The Way Back
December 8, 2019
Isolation, insignificance, and insecurity are a recipe for anxiety. To experience anxiety at any level is normal. Anxiety will often feel like you're stuck in a pit with no way out, but it is more like a tunnel with a light at the end. Two practical things you can do are to create new pathways in your brain are: replace your bible reading with bible engagement and invest in life giving relationships.
Aaron Brockett • The Way Back • Luke 1:26-38
Series: The Way Back
Message: From Anxiety
Pastor: Aaron Brockett
Engage with the message
Study Guide (PDF)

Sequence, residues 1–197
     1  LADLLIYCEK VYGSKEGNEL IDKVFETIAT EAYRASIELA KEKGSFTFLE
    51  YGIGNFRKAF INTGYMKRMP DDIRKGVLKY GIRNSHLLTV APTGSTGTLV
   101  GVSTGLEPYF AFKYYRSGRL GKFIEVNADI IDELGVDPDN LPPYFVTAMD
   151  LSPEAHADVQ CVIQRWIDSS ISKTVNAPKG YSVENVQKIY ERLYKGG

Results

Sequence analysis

How you guys doing today? You guys okay? I want to welcome everybody across all of our campuses. So whether you are joining us from North, Downtown, West, and anybody online—those of you joining us in our p.m. services—can we just give it up, those of you here at Northwest? Good to have all of you today, and Merry Christmas to all of you.I just want to continue to encourage you to be thinking and praying about friends or family who you would invite to come with you to one of our 26 worship experiences across all of our campuses beginning December the 19th, rolling all the way through Christmas Eve. You can get some invitation cards and be inviting people to come with you to that. I also want you to look ahead just a bit to the first Sunday of 2020, can you believe that? 2020—it’s coming up. And the first weekend of the year we’re going to kick things off by having some very special guests join us that day. I’m going to be having a conversation and an interview with Brian Welch and his daughter, Jennea. I don’t know if any of you know who this is, but Brian is probably most known for his role in the band Korn. Big fans, I can tell. And even if you don’t know who Korn is or if you are a fan, you are going to love Brian and Jennea. They are good friends of ours and they are going to talk about their relationship with God and their relationship with one another—the mistakes they’ve made along the way and the things that God has been teaching them. And I don’t care who you are, you’re going to be encouraged by our conversation, challenged, convicted and you’ll probably laugh because they are really funny. Can I just say this? If you’re looking for a good reason to invite somebody who’s stayed away from church for a long time, or maybe they’ve politely turned you down every time you invite them (and you know who they are) invite them to come the first Sunday of 2020. It’s going to be a great conversation.Before we get rolling, I just want to announce that we have launch dates and locations for campus number five and six, alright? Anybody excited about that? Man, I am. I am excited about it. Mark it on your calendar. Sunday, January 19th we are launching our Midtown campus at the Glendale Seventh Day Adventist Church in Broad Ripple. This will be our first portable location to begin services there. We’ve actually got some real exciting developments behind the scenes for this campus that we’ll announce at the grand opening, so you’ll want to stay tuned for that.Then the very next month on February the 23rd we’re launching our Northeast campus at the Fall Creek Intermediate School in Fishers. We’re just really excited about what all God is going to do in and through these campuses. And we have more people signed for the launch for these two campuses than any other campus launches in our history. It’s not too late. If you’d like to be part of these campus launches, if you live in those areas, December the 15th there is a launch team gathering. You can get all of the information at tpcc.org\launchteam. We’d love to see you there.I don’t know how you are feeling right now. I’m kind of getting this sense so far today that everybody is sort of in that pre-Christmas slumber. Maybe it’s just me. I don’t know if you’re the kind of person that, when it comes to Christmas you just can’t get enough of it. How many of you are that kind of person who just can’t get enough of Christmas? Okay, now the rest of you guys you’re in the category can’t wait ‘til it’s over. You know, “It’s nice while it lasts, but January 1st I kind of breathe a sigh of relief.” We’re all kind of feeling a little bit of that—like stress and pressure. Regardless of which camp you fit in to, regardless of how you navigate Christmas—whether it’s the can’t get enough or can’t wait ‘til it’s over, we all know that the next couple of weeks are going to be filled, potentially, with some stress and some added weight.Here’s the thing about Christmas. Christmas really kind of magnifies the season of life that you are already in. So if things are going really good, then Christmas sort of magnifies that. If things are challenging, Christmas seems to magnify that. Here’s the one thing that I know regardless of how you would describe yourself, when it comes to Christmas there is no such thing as a perfect Christmas.Ryan did a really great job last week as we kicked off this series called The Way Back just reminding us that even the first Christmas 2,000 years ago was far from perfect. We’ve sort of done our best to clean it up and make it look really picturesque in the form of the Nativity. In fact, I brought a picture of the nativity scene that is inside our front door at our house. If you come over to our house as soon as you walk in this is what you would see in the hallway. I don’t want you to get me wrong, I love everything about this. My wife pulls it out of storage every year and she sets it up and I love it, but that ain’t real. And she kind of gets tired of me reminding her of that. I walk by and I’m just like, “That’s not how it went down.” And she’s like, “Would you stop being a pastor? Would you stop being a theologian.” Right? “Just enjoy the Nativity.” You look at it and it’s wonderful. But come on, man. Mary and Joseph just look so calm like this is the way they wanted to start their family, in a barn. And the barn animals look so well behaved. And there is no manure. And it just looks so picturesque. And you’ve got the angels and the star. And I don’t want to take anything away from the Nativity, but Mary and Joseph were human beings. And you know that there would have been some stress and some strain and some anxiety. Always around this time of the year, especially when I’m beginning to feel the weight of Christmas falling on my shoulders, I begin to think a little bit about what it would have been like to have been Mary, what would that have felt like? You know that Mary, growing up, as a little girl living in Nazareth, she would have been very familiar with the prophecies about the coming Messiah. There are over 300 of them over hundreds of years. And you know that Mary would have sat through Sunday school lessons, sermons, and lessons about the Messiah. There is no way though, in a million years, that she ever would have dreamed that she would have played any role in it, let alone to give birth to the Messiah, let alone to feed the Messiah and teach him how to walk and wipe his nose and change his diaper—there’s no way she would have ever thought that she could have been that involved in it. And the details of the Christmas story, at times, I think that the challenge for many of us is, even if you don’t know the Bible super well, that we’ve heard the details of the Nativity so many times that around this time of the year it has a tendency to become sort of like white noise. It’s like the real meaning of Christmas is kind of in the background, but it doesn’t necessarily stir our hearts like what it once did.But if I were to kind of give you the details of the Christmas story without any background, you’d never heard it before, it would seem incredibly unusual. In fact, if I were to come to you and say, “Hey, you’ve got to check out this new TV show on Netflix or Apple TV plus, it’s amazing. You’d be like, “Well tell me about it.” “Well, without spoiling it, it’s all about this unmarried, teenaged girl who gets pregnant and then her fiancée is thinking about bailing on her because, clearly, she’s lying to him. And neither of them has very much money, they are just living in poverty and there’s this evil dictator, played by Kevin Spacey—can you just see him playing that? And he puts out an order to kill all the baby boys in the land. And while on an unexpected road trip, her water breaks, there isn’t a hotel reservation, she gives birth in a barn.” You would be like, “Yeah, I’ll stick with reruns of the office, alright? I’m already stressed out enough this Christmas season. That’s the last thing I need.” And I think to us, we look at the Christmas story and we sort of de-personalize it, and we sort of think they have it all together. And yet, Mary would have felt this incredible pressure. Not just to give birth to the Messiah, but to actually foster the kind of homelife in which Jesus, the Messiah, would grow up as a well-balanced, emotionally healthy individual so that he could become the hope of the world—don’t mess this up, Mary.I’m just kind of curious. How many parents in the room—just an honest moment of vulnerability—how many parents feel like you’re just messing your kids up? And if your kids are here, you can be honest—they already know, okay?There are so many times as a dad when I’m just like, “Man, I didn’t mean to say that. I didn’t mean to say it that way. I could have handled that situation way better.” Or, “I could have given them that thing.” Or, “What if I had gotten them that thing. Would that have given them this opportunity?” Or maybe the other way, “I’ve given them way too many things.” At times we feel like we are messing up our kids, because we’re human beings. And forget saving for college—let’s just pay for your therapy. You’ll need that. Can you imagine the added pressure that it would have been for Mary to raise the hope of the world? It had to have been difficult. Listen as Luke describes that first Christmas, when Mary finds out the role that she is going to play in it.It starts out this way, “In the sixth month of Elizabeth’s pregnancy…” Now Elizabeth was Mary’s cousin. She’s pregnant with John the Baptist, “…God sent the angel Gabriel to Nazareth, a village in Galilee, to a virgin,” the first peculiar detail, “named Mary. She was engaged,” second peculiar detail, “to be married to a man named Joseph, a descendant of King David. Gabriel appeared to her and said,” I always love this, “‘Greetings, favored woman! The Lord is with you!”“Confused and disturbed,” I bet she was “Mary tried to think what the angel could mean. ‘Don’t be afraid, Mary,’ the angel told her, ‘for you have found favor with God!’” Here’s what I thought of as I was studying this last week. What does it look like to not have favor with God? If this is what having favor with God gets you. Apparently, I’m the only one.“‘You will conceive and give birth to a son, and you will name him Jesus. He will be very great and will be called the Son of the Most High. The Lord God will give him the throne of his ancestor David. And he will reign over Israel forever; his Kingdom will never end!’”Now, I want you to check this out. This is Mary’s response, which just makes her human. She says this. She asked this question, it’s these five words that I want to hone in on in our time together today. She says, “But how can this happen?” That is an incredibly great question. And I think that there is a biological aspect to his. Clearly. She says, “I am a virgin.” She’s meaning: I don’t understand here because I’ve not been with Joseph. But there’s also an emotional aspect to that question. Can you hear it? It’s a sense that there’s a: How can this happen? I’m a virgin. And then it’s: How can this happen? It’s the emotional side of the question. I’m just wondering if there is anybody here today who can relate to that question. Any of you here in a season of life in which those five words could describe what you’re going through and you are like, “How can this happen? I thought that our marriage was in a good place. I thought it was in a better place, not perfect, but I thought we were doing okay. We did the marriage counseling, we started date nights, we were communicating better so how can this happen?”Or, “I thought things were going really well at work. I got the promotion. I closed the deal. I was getting my feet underneath me so how can this happen?” Or, “I was feeling good physically. I was eating right. Getting enough sleep. I was exercising.” Then the doctor called and as you hang up you’re like, “How can this happen?” Or, “I thought that she was my friend.” Or, “I thought that he was the one. How can this happen?” “I thought that I had a handle on that addiction,” or, “that anger issue.” “How can this happen?” I think as a result of that question, many of us, especially this time of the year, we can feel a bit overwhelmed. We can feel stressed out. We can feel anxious. What I want you to be reminded of or maybe to hear for the very first time is that the power of the Christmas story is not just found in what happened. What I mean by that is this. What happened is that God became a human being and he came to live among us and pay the price for our sin—that’s what happened. The power, though, is in how it happened. That’s why Luke goes to the great lengths that he goes to give us the details around this unusual first Christmas. And it is unusual. I mean, listen to it for the first time, you look at this and there are a number of ways that this could have gone down. For starters, Mary and Joseph could have already been married. And maybe they had four or five years under their belt. And maybe they’d had one or two kids to show that they could actually do the parenting thing. And Joseph just got a promotion at work. And they just moved into a middle class, suburban neighborhood. And they had two low-mileage camels in the garage and things were going good, you know? They are on their feet. Jesus had access to all of the best schools. He could have come that way. And if I was God, that’s how I would have done it, because I would want the Messiah to have all of the best opportunities so that—you know, he’s got the weight of the world on his shoulders. He’s going to be the hope of the world, so let’s give him the advantage. But he didn’t do that. All of the details of the Nativity just seem unusual. You’re left scratching your head going, “Why would God do it that way?” How many of you have ever heard of the phrase: Jump the shark? Any of you? Three of you. It actually comes out of a television show called Happy Days. It was popular several decades ago. Any of you heard of Happy Days? More of you. Alright, there we go. The main character of Happy Days was this guy named The Fonz and he was supposed to be this really cool guy. He wore a leather jacket and said “Ayyy,” all of the time. Check it out later.And there was this time in the running of Happy Days where ratings were going down. So the writers and the producers, in order to boost ratings, created an episode in which the plot line was The Fonz was water skiing. So he’s out on the lake in a leather jacket, and apparently boxers, alright? And there’s this scene… It is just so stupid. This is like, “Welcome to Christmas at Traders Point.” There’s this scene where The Fonz jumps a shark on water skis. And it was so stupid, that the phrase gets born right then and there that when something gets so ridiculous that you’re grasping for things, it’s called: Don’t jump the shark.And I don’t know about you, man, I read the details of Luke and the very first Christmas and a virgin, and she’s unmarried, and there’s no room in the inn, so let’s give birth in a barn, and Jesus’ crib is a feeding trough and there comes a certain point where I’m like: “Are you jumping the shark right now?” These details just seem to be over the top. Why? And I think here’s the very clear answer to why. If the Nativity would have been perfect, then you and I wouldn’t have been able to relate to it, because you and I aren’t perfect. There’s something about what God did 2,000 years ago—it’s not just in the what happened it’s the how it happened, and I don’t want you to miss it. God is simply saying: You think your life is out of control? You think right now you’re facing an incredible amount of stress and pressure and anxiety and worry; I am right there with you. See here’s what this sort of teaches us about the very first Christmas. The message of God’s grace—in other words the gospel message—is not what we would call transactional. A transactional understanding of God’s grace and love to you would be stated this way (and maybe this is how some of you grew up): Sin separated us from God, so God sent Jesus to tell us how to get back.And for many of you, maybe that’s how you understood all of this. There’s a word for that. It’s called religion. And religion says: this is how you get back. Here’s what you believe. Here’s what you do. Here are the morals you have. Listen. I’m not saying any of that stuff is wrong. I’m just saying it doesn’t matter how many things you believe, it doesn’t matter how many good things you do, you’re never going to get back on your own. And it becomes legalistic.See, here’s what happens whenever it turns into this sort of transactional equation. Other people become the judge and jury of your beliefs, morals, and behavior. And so it turned you off. You totally missed the gospel message, which, honestly, many of you rejected. You rejected God for all of the wrong reasons. He didn’t come in a transactional way.He came in—here’s the beauty of Christmas—an incarnational way. And incarnational has this subtle difference, it’s a world of difference. It’s simply this: Jesus stepped into our humanity to become our way back to God. And for those of you who didn’t clap, you’re going, “What does that mean?” It means simply this: Oftentimes I think that we think, “Well, if you just get all of your beliefs in order, then come to Jesus and he’ll receive you; If you would just get all of your questions answered, then come to Jesus, he’ll receive you; If you just get your act together and stop sinning and be holy and then be worthy to come to Jesus, then he’ll help you.” And what God is offering… He says: No, no, no, no, no. The only thing that you really need to believe is that Jesus is my Son. You hitch your wagon to Jesus. In fact, you’re going to continue to have questions, you’re going to continue to have struggles, you’re going to continue to deal with sin. And as you begin to walk with Jesus, it’s a progression. He begins to slowly change you from the inside out. You try to reverse that—it just turns into legalism that pushes you further and further away from God. The Christmas story says that God became a human being, he stepped into our humanity to become our way back, to become our way back from fear and to become our way back from this word, this thing, this issue that has become so huge in our world today: Anxiety. And there would have been plenty of it in the first Christmas story.Do you know that anxiety is the number one health related issue for women today? It’s number 2 for men, get this…right behind drugs and alcohol, which I think, actually, men deal with anxiety just as much as women, but we use drugs and alcohol to cope with it.Do you know that over 40 million of us deal with the kind of anxiety that is disruptive to our relationships, work, and personal peace? What I mean by that is that all of us deal with anxiety at different levels but over 40 million of us are dealing with it in a way that is disruptive to our lives.Over 48 billion dollars are spent treating anxiety related symptoms. Over 70 percent of teens say that anxiety is the number one issue they face in the world today, but yet this touches every age and every demographic, as many of you know.So you know that when the nations are surveyed, do you know which nation comes back year over year as struggling with anxiety more than any other nation in the world? Do you know? It’s Switzerland. No it’s not Switzerland, it’s us. And that probably does not come as too much of a surprise. In fact, even more so do you know that when people from developing nations, who maybe grew up with less material possessions, when they move to the United States and get an increase in material possessions, their anxiety usually increases with them. So we’re anxious about all kinds of things. We’re anxious that we won’t have enough; that we won’t be enough. We’re anxious about our health. We’re anxious about politics. We’re anxious about other things that we can’t control. What is it exactly? What is anxiety? How would we sort of understand or define it and how is it different from fear? They are actually very similar, they overlap. Here’s what fear is:Fear sees a threat in life and reacts to it.And that’s actually a good thing. Fear is actually a gift. I want my kids to have a healthy amount of fear in their lives so that way they don’t burn their hand on the stove or walk out into traffic or do something foolish. So fear is a good thing. Anxiety is similar but very, very different: Anxiety oftentimes imagines a threat and then gets stuck.It’s often been described as a tidal wave of “what ifs”. So it’s like: what if this happens, what if I lose my job, what if they walk out, and what if I get sick—it’s sort of like, have you ever put your car in neutral and then just sat there and just revved the engine. The engine was not designed to do that. After a while it’s going to overheat, it’s going to break down—and neither is your mind. That’s what anxiety is. It’s sort of like a revving of your mind and your thoughts and your emotions and your spirit and there’s no release from it. And it eventually just leads to this place of potential break down.Now, this doesn’t explain every cause of anxiety. But I do want to point out three potential triggers of anxiety in our lives, especially around this time of the year. I think that the first one is simply this: We feel more alone than ever before. You go back to Luke, chapter 1 when Mary gets this initial information and you would have known that Mary would have felt so alone in the world. As soon as the angel said: Mary, this is what is going to happen, immediately you know her thought would have been: Nobody is going to believe me. Joseph is not going to believe me. My mom and dad aren’t going to believe me. This community isn’t going to believe me. And she would have felt all alone in the world. And multiple studies show that we have become individualistic and more isolated than ever before. Now, the irony of that is that we are more connected than any other era in human history via technology. Because of technology, we can see what other people are doing and where they are going and who they are doing it with all of the time. It’s like an instant connectivity. It’s the side effects of that instant connectivity that are causing us to feel a bit isolated and alone. And I think here’s why. We’re not necessarily interacting, we’re watching. And when you’re watching something it just makes you feel like you’re all alone. And we’ve sort of replaced real relationships with virtual ones and technology has replaced many of our friendships. I think another potential trigger for anxiety is: We feel more insignificant than ever.I think Mary, when she was given this assignment, she would have thought this: I don’t know if I can do it. I mean, who am I to be the mother of the Messiah? And she would have felt incredibly small. And I think many of us wonder the same thing.Have you ever had this thought before? I know that I wrestle with this. You look around at what other people are doing—mostly through social media and you see their highlight reel, you see their edited images of themselves and have you ever thought to yourself, “Man, how did they accomplish that at their age? How did they get enough money to travel there? This is like their third vacation in two months.” And you start to compare. Have you ever had this thought? “It seems like everybody else’s life is advancing and I feel stuck, I actually feel like I am going in reverse.”I think another trigger to the anxiety that we are feeling is this:We feel more insecure than ever before.And you know that Mary would have felt that as well, especially when she and Joseph are on their way to Bethlehem to register for the census. They are out in the open, knowing the decree that Herod had given to kill all the baby boys and she is pregnant with a baby boy. That feeling whenever the Innkeeper said: Hey, we don’t have any vacancies—how vulnerable she would have felt in that moment. And I think that many of us feel that way. It’s like an ongoing sense of vulnerability.Here’s the irony. Statistically speaking, the world has never been safer than it is right now. I know it doesn’t feel that way, but when you begin to look at some of the statistics they actually show. Do you know that 50 years ago the life expectancy of the average adult was 70? Today it is 83. In the last 25 years death by cancer has dropped by 27 percent, still a big issue but the percentage has dropped significantly in the last quarter of a century. Extreme global poverty is down 65 percent in the last 20 years. Kidnappings are actually down. Terrorist attacks are actually down, especially from the 1970s. Violent crimes are down by 20 percent. It doesn’t feel that way though, does it? And I think part of the reason is because the speed at which we are processing negative information outpaces our ability to process it in a healthy way.Some of you can remember this. I grew up in the 1980s and there was no internet, there was no 24 hour, seven days a week news channel. It was glorious. It was amazing. And the reason and the way in which you got news was either you read it in a newspaper of you caught the half-an-hour news blog on TV. There was no recording. There was no DVR. So if you missed it, you missed it. Once again—glorious. It was incredible. But now, it’s constantly popping up notifications on our phone. Every time we turn on the TV it’s just a constant stream and we’re not able to fully process it. So these three things right here: IsolationInsignificanceInsecurityIt’s sort of like the trifecta of anxiety in our lives.So let me say a couple of things here. First of all, if you are feeling anxious in any way it’s normal. And I don’t know that we hear that enough. Many of you, maybe you have these every day feelings—you’re just sort of anxious about something little and it goes away—all the way to a disruptive, debilitating anxiety and everything in between. That’s just normal. That’s what it means to be human. And maybe somewhere along the line you were told or led to believe that because of your anxiety there was something wrong with you, and maybe even in a church somewhere somebody said, “If you would just have more faith the anxiety would go away.” Or you were told, “You know what? If you would just pray more or pray better prayers, then you wouldn’t be so anxious.” Or worse yet, “Well clearly you’ve got some sort of unconfessed sin going on in your life and you need to come clean. And when you come clean from that unconfessed sin, then God will release you from your anxiety.” And can I just tell you that that is a bunch of garbage? Can I just tell you that there isn’t anything in that that is true? Now, don’t misunderstand me. Do we need to work on our faith, do we need to pray, do we need to confess sin? Absolutely. But in no way does God go: Man, you don’t have good enough faith so here’s anxiety. In no way does God go like: Oh, man. Those prayers C-. Boom. Anxiety. Oh, you’re hiding that sin? Well I’m just going to put a hefty dose of anxiety on you until you come clean. God doesn’t operate that way. To feel anxious is human. If I were to ask you, “What’s more of the real you? The physical you, the physical me standing in front of you right now, what you are looking at or the emotional me, the things that you can’t see, the things that I am feeling, or the spiritual me? And you would be like, what is more of the real me? And you would go, “Well, it’s all three. We are emotional, spiritual, and physical beings.”So if I were to walk out on this stage today with a limp, you wouldn’t have gone, “Well, Aaron. You need to have better faith. And if you would have better faith, you wouldn’t be limping right now.” Or, if I were to walk out here with my arm in a sling, you wouldn’t say, “Aaron, you need to pray better prayers.” Or, if I were to walk out here with a nasty cough, you would be like, “First of all, stay away from me.” But then you would be like, “Aaron, clearly you’ve got some unconfessed sin in your life.” You wouldn’t say any of that. And there is no significant difference between a physical injury or ailment of some kind and an emotional or mental one. It’s not a sin to be sick. And even if you’ve been diagnosed with some sort of mental disorder or challenge or you need some sort of medication or some sort of therapy, there’s no shame. And that’s just like you were diagnosed with asthma or diagnosed as a diabetic or maybe you’ve twisted an ankle and you need some sort of medical attention. Listen. Some of the greatest leaders in history were men and women who wrestled with anxiety and depression.There was a season in my life—I’ve actually been very open about it. I’ve shared this with our church before. I really wrestled with anxiety and even depression for the better part of a year, if not more than a year. And here’s how it manifested itself for me. Every morning at 4 a.m. my eyes would pop wide open. And as soon as I would wake up and realize that I was awake, it was as if this impending sense of doom just poured into the room. I was under a lot of pressure at work. And I was trying to keep things together. I was a young dad and trying to figure out my way. I was just under a ton of pressure and I didn’t know how to deal with it. It was as if this dark cloud just would hover over me at 4 a.m. and it would stay there all day long. And I would just feel this sense of impending doom. Zero motivation. Not sure how to navigate my way out of it. And here’s how that anxiety felt. Anxiety felt a lot like I was stuck in a pit with no way out. And maybe some of you feel that way. What I want you to know is that, in reality, anxiety is more like a tunnel in which there’s a way out. And there are some similarities between a tunnel and a pit, but there are some massive differences. In a tunnel there is a way out. There is a way to navigate your way through it. And what I want to encourage you with today, it may not happen overnight—for me it didn’t happen overnight, it was a gradual process—but the Christmas message is God subtly saying to you and me: There is a way out. The word for the season is Advent. Maybe some of you know the meaning of this: Advent is the arrival of an important person and event. But here’s where there is immediate, practical application for you and me. It’s that:Advent is also an invitation to find your way back from the feelings of anxiety through that important person and event. Mary appears to have done this. This is not hypothetical. We see it in the text. If you go back to Luke, chapter 1 we left Mary in her anxiety in verse 34, poor girl. And we need to go back and I want to show you verse 38.It says this, “Mary responded, ‘I am the Lord’s servant. May everything,’” that jumps out at me. “‘May everything you have said about me come true.’”As I was reading this last week, I was like, “Really? Everything?” If I was Mary, I think I would have tried to negotiate. I think I would have said, “May most of what you have said come true. Can we not do this part over here, because that just seems too painful. But Mary said, “May everything you said about me come true.”Here’s the question that I have for you to think about today. What happened? What happened between verse 34 and verse 38 to come to that conclusion? And maybe the simplistic answer would be, clearly between verse 34 and verse 38 Mary worked on her faith. Or, Mary prayed better prayers. You know, she went into her prayer closet and she came out a super hero of faith. Or, clearly Mary confessed some sin between those four verses and she was able to say this.I don’t know. I don’t know. Maybe Mary did have good faith and she prayed and she confessed some sin—maybe. I don’t know. But I think it maybe even gets a little bit more practical than that. I think Mary did something between those four verses. The Holy Spirit did something within her that I think you and I can do as well. And it’s actually more practical than you think. And it’s not just wishing that anxiety would go away. It’s more substantial than that.When I was a young man, there was a professor who was an author, preacher, professor who sort of mentored me at a distance. And when he was a younger man, before he became a professor, he worked at one of the busiest airports in the nation as an air traffic controller. This was decades ago. He worked at Chicago O’Hare airport as an air traffic controller. This was before the days of all of the technology that we have today. He actually would describe what it was like. And he said it was a high pressure job because hundreds and hundreds of planes are on approach to the airport and as an air traffic controller, he had to make these split second decisions about which plane could land, and where, and do it in such a way that it wouldn’t cross paths with other planes so they wouldn’t run into each other. He said it was super high pressure. And he said, “I had to make a call as all of these planes were coming in and I had to control which planes could land.” And I think that is the key. See, when it comes to feelings of anxiety you can’t control every thought that flies into your mind, but you do have a say as to which ones you allow to land. And I think that’s what Mary did. I think that the feelings of confusion and stress and anxiety they were there, but between those four verses she had a say as to which ones she was going to allow to land. I think Mary was employing the wisdom of Philippians 4, verse 8 even though, for her, it hadn’t even been written yet, but to us it has been.It says this, “Fix your,” what? “thoughts on what is true, and honorable, and right, and pure, and lovely, and admirable. Think about things that are excellent and worthy of praise.” And this is not like the power of positive thinking. This isn’t just faking it ‘til you make it. This isn’t over spiritualizing things. This, actually, is a very practical verse. You want to know what it is essentially saying? You need to think about what you think about. And just because a thought flies into your mind doesn’t mean that you give it permission to land. Now: Feelings are true, but they often do not tell us the truth.Don’t hear me say that you should deny your feelings. That’s not what I am saying. Feelings are very, very true but they often do not tell us the truth. So you can be feeling something, and that feeling needs to be heard, that feeling needs to be acknowledged, that feeling needs to be empathized with and then in a spirit of wisdom, you need to ask God through the power of the Holy Spirit to help you know which feelings you need to redirect and say, “You know what? That’s a very valid thought. That’s a very valid fear. That’s anxiety that I am feeling, but you know what? I’m not going to allow that to land.”The Greek word in the New Testament for anxiety—you know the Bible talks a ton about anxiety—the Greek word for it is: Merimnao. It’s this idea that our thoughts are divided. They are going in a thousand different directions and we can’t process and we can’t focus. And one of the most powerful weapons, as it turns out, that you can use to combat debilitating anxiety (as it turns out, it weighs less than three pounds) is between your ears. Do you know that there is a section of your brain that deals with emotion and then there’s a section of your brain that deals with logic and the two need to be working in concert with each other? One doesn’t over power the other one. One isn’t any better. But the two actually work in partnership to give you a healthier you.Many of you already know the science behind this and I’m not going to fully explain it in super detail, I just want to give you the gist of the picture. That part of your brain that deals with emotion is called the amygdala. And the amygdala experiences fear, anxiety, worry—whatever, and then what it does is it sends signals to another part of your brain called the prefrontal cortex. And the prefrontal cortex deals with logic. And it basically discerns: is this a legitimate fear, worry, concern or anxiety or not? In other words, the prefrontal cortex determines if this is going to land or not.And the neurological pathway between the two needs to be really healthy. It needs to be clear. And so what we end up needing to do is we need to begin—this is what Philippians 4:8 is talking about—to fix our thoughts. That’s exactly what it’s talking about, because the amygdala is not objective. The amygdala has one job and one job only—to keep you safe. That’s why you need a prefrontal cortex, to help you determine and figure it out. If those neurological pathways get blocked or get redirected maybe medication is needed, maybe some sort of counseling or therapy is needed, but then also, Philippians 4, verse 8, the wisdom of it says, fix your thoughts on… You know what it’s talking about? It’s saying that your mind is pliable. Your mind is like a muscle. It can be changed. There’s a technical term for it. It’s called neuroplasticity. It’s this idea that you can actually rewire the way in which you think. And I think that that is what Mary did between verses 34 and 38. I don’t think she just closed her eyes and had wishful thinking. I don’t think that she was naïve. I think that she landed back on the trust and the promises of God. So, let me give you two extremely practical things that you can take with you to help work on how you think about what you think about. And they are just simply this: Replace your Bible reading with Bible engagementHere’s what I mean. These are very similar, but they are totally different. Here’s what I’ve found in all of my years of pastoring as I’ve been around here. The New Year is coming. New Year’s resolutions are coming. Maybe you’re going to be tempted to say, “This is the year that I’m going to jump in and read the Bible all of the way through.” And you’re going to read through Geneses and you’re going to be so excited. And then you’re going to get to Leviticus and you’re out, right? You’ll be like, “I don’t understand this, this is hard, this is weird, I don’t see how this applies to my life.” And your Bible reading, be honest, has been filled with bits of stops and starts. And can I just say that all of the Bible is equally inspired, but not all of the Bible is equally applicable. So I actually want to give you a tool that you might check out. I’m actually going to start reading this January 1. And if you want to join me, I’d love for you to join me. It’s a book called Core 52. It’s written by a friend of mine who is actually a Bible college professor and friend of mine. And he felt this same conviction. He said, “We want to strengthen…” If you go and exercise you strengthen your core. He said, “We need to strengthen our core.” What is the core of the Bible? He boiled it down. He said it was really hard to do but he boiled it down to 52 essential passages that you need to apply to your life. What is the core of what the Bible is saying? And he just takes a passage every week and he drives it down to application so that you can take it, understand it, and apply it.I’m telling you, it’s not just the Bible reading, it’s the Bible engagement, meaning am I going to apply this, when am I going to apply it, and how am I going to apply it, and how am I going to talk about it? That’s what is transformational and it will help you think about what you think about.Here’s the second thing: Invest yourself into “life giving” relationshipsEver heard people say, “You are who you spend time around.”? You want to know what kind of person you’re becoming, look at your friends. Same thing is true. This the backbone of our group ministry. We want you to gather in the room that you are in right now with a large group of people so that we can stir one another up, so that we can give each other hope and encouragement, but we also don’t want you just to slip in and slip out and just watch or observe a service.Now if you’re just checking things out, if you’re new to the faith or you’re recovering from a bad church experience, you are welcome to take all of the time that you need to do that. But at some point, I want you to get a jersey and get in the game. I want you to be known. I want you to find yourself in life-giving relationships. Here’s what I mean by that. People who will encourage you to look more like Jesus. People who will give you godly advice and counsel. And I don’t know how many times I’ve found myself in a slump, emotionally speaking, and I pick up the phone and I call two or three men who I know will love me enough to tell me the truth. And it begins to help me think about what I think about. Man, we go back to the very first Christmas, it was far from perfect. My prediction is that this Christmas won’t be perfect either. But actually, I think that it’s a good thing, because I think it is an opportunity for us to invite the power of God into our less than perfect lives and ask him to do what only he can. Father, we come to you right now and I just pray that your Spirit would be present in each one of our rooms right across all of our campuses, that you would begin to work on the hearts and the minds of everyone here today. I pray that this message landed in some way in some lives, that this would have been something they needed to hear or maybe something they didn’t want to hear but something that they needed to hear and they would feel encouraged to know that there is a way out, there is a way back from feelings of debilitating anxiety. So, God, we just want to pause and take a few moments to put our trust in you and to ask you to do, to invite you to do, what only you can. We ask this in Jesus’ name: Amen.